By Adrin Fisher
So, I’ve been thinking about claiming credit.
It seems to me that teachers have a tendency to claim credit when things go well, but to disavow all knowledge when things go sideways. I saw this at my first high school job. Teachers sat at lunch and complained about all the knowledge gaps/bad habits/mistakes those darn middle school teachers had created in OUR students. Then I became a middle school teacher, and guess what? The middle school teachers blamed the elementary teachers with the same vehemence. Nobody is really doing their job. Nobody can teach quite like we can—or quite like I can.
Last week, the parent of one of my former 10th graders told me her daughter’s ACT Reading score. It’s pretty fantastic. “It was all me!” I said with a laugh. “I take total credit for teaching her everything she knows!”
Of course, I was kidding.
How could I possibly take credit for this student’s achievement? She’s been in advanced classes for years. For years, teachers have been pouring their lives into her. Her family has a high expectation of achievement. Her friends are honors students. Her home life, heredity, nurture, and nature—plus the fundamental good luck required in standardized testing (got sleep, felt healthy, ate protein)—all conspired to make the ACT seem like a cake walk.
Who should really claim the credit?
We teachers have been conditioned to believe that we go it alone—to believe that a student’s achievement is our success. After all, we set learning goals and analyze data points and measure mastery. We teach testing tips and we are diligent, checking off the standards as we attack them purposefully. And things can get really competitive. Who did that kid have last year? Oh, that explains everything, we say, and we shake our heads.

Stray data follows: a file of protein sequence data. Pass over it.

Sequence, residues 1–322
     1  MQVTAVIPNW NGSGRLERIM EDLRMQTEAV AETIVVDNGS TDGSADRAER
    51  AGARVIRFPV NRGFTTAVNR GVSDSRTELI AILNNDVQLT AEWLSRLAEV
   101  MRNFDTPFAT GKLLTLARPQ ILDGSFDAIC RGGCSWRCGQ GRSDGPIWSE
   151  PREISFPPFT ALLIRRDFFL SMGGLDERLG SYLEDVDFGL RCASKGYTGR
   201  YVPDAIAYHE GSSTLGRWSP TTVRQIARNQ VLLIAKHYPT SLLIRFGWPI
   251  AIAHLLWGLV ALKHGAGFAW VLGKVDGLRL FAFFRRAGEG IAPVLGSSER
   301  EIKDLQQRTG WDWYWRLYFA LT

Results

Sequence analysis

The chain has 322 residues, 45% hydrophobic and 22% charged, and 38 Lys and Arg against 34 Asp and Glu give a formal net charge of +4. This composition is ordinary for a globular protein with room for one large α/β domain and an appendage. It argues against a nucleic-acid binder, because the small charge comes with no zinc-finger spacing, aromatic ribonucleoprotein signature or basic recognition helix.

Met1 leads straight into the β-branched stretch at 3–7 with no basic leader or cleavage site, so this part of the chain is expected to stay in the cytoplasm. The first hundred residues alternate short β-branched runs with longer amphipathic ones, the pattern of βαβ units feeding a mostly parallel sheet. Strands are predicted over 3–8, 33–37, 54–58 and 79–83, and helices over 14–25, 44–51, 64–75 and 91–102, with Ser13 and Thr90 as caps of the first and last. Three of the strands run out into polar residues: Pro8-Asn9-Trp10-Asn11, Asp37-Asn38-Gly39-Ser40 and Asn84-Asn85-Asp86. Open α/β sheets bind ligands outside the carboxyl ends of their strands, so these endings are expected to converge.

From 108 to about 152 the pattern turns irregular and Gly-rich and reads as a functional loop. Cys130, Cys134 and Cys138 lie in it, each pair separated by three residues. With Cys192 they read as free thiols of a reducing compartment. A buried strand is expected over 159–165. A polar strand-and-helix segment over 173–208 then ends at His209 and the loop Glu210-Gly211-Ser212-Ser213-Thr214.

But this spirit of teacher-competition has a dark side. It’s where we push back against anyone who doesn’t adopt our preferred program or protocol. It’s where we point fingers at teachers down the hall or in the previous building rather than celebrate students for what they can do—and who they are.
Teachers are not the sole arbiters of learning. Students are not blank slates.
Please don’t misunderstand me. I am not trying to take anything away from our labor, the very many hours we plan, correct, and prepare outside our contract, the way we facilitate and direct learning all day long. I like to think I had something to do with my former student’s ACT score. I’m proud that she worked hard in my class and I’m confident that I reinforced a lot of skills and taught her a few new ones. But when it all comes down, it’s her claim and her success.
I’m reminding us—I’m reminding me—that our profession gains when we work together, when we share the credit. Obviously, we teachers pour our lives into our students. Obviously, we are not the only ones who do.
Let us not waste our energy competing with one another, teacher-friends.
Let us not focus on making ourselves look good, but rather on helping our students look great.
Let us focus on being the best for the world, rather than trying to be the best in the world.
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Adrin Fisher is a contributing blogger for WVCTE. When she’s not managing lively discussions, modeling assignments or conferencing with budding writers, you can find her talking video games with her kids, walking through the woods, or whipping up a batch of chocolate chip scones. You can follow her on Twitter @fisheradrin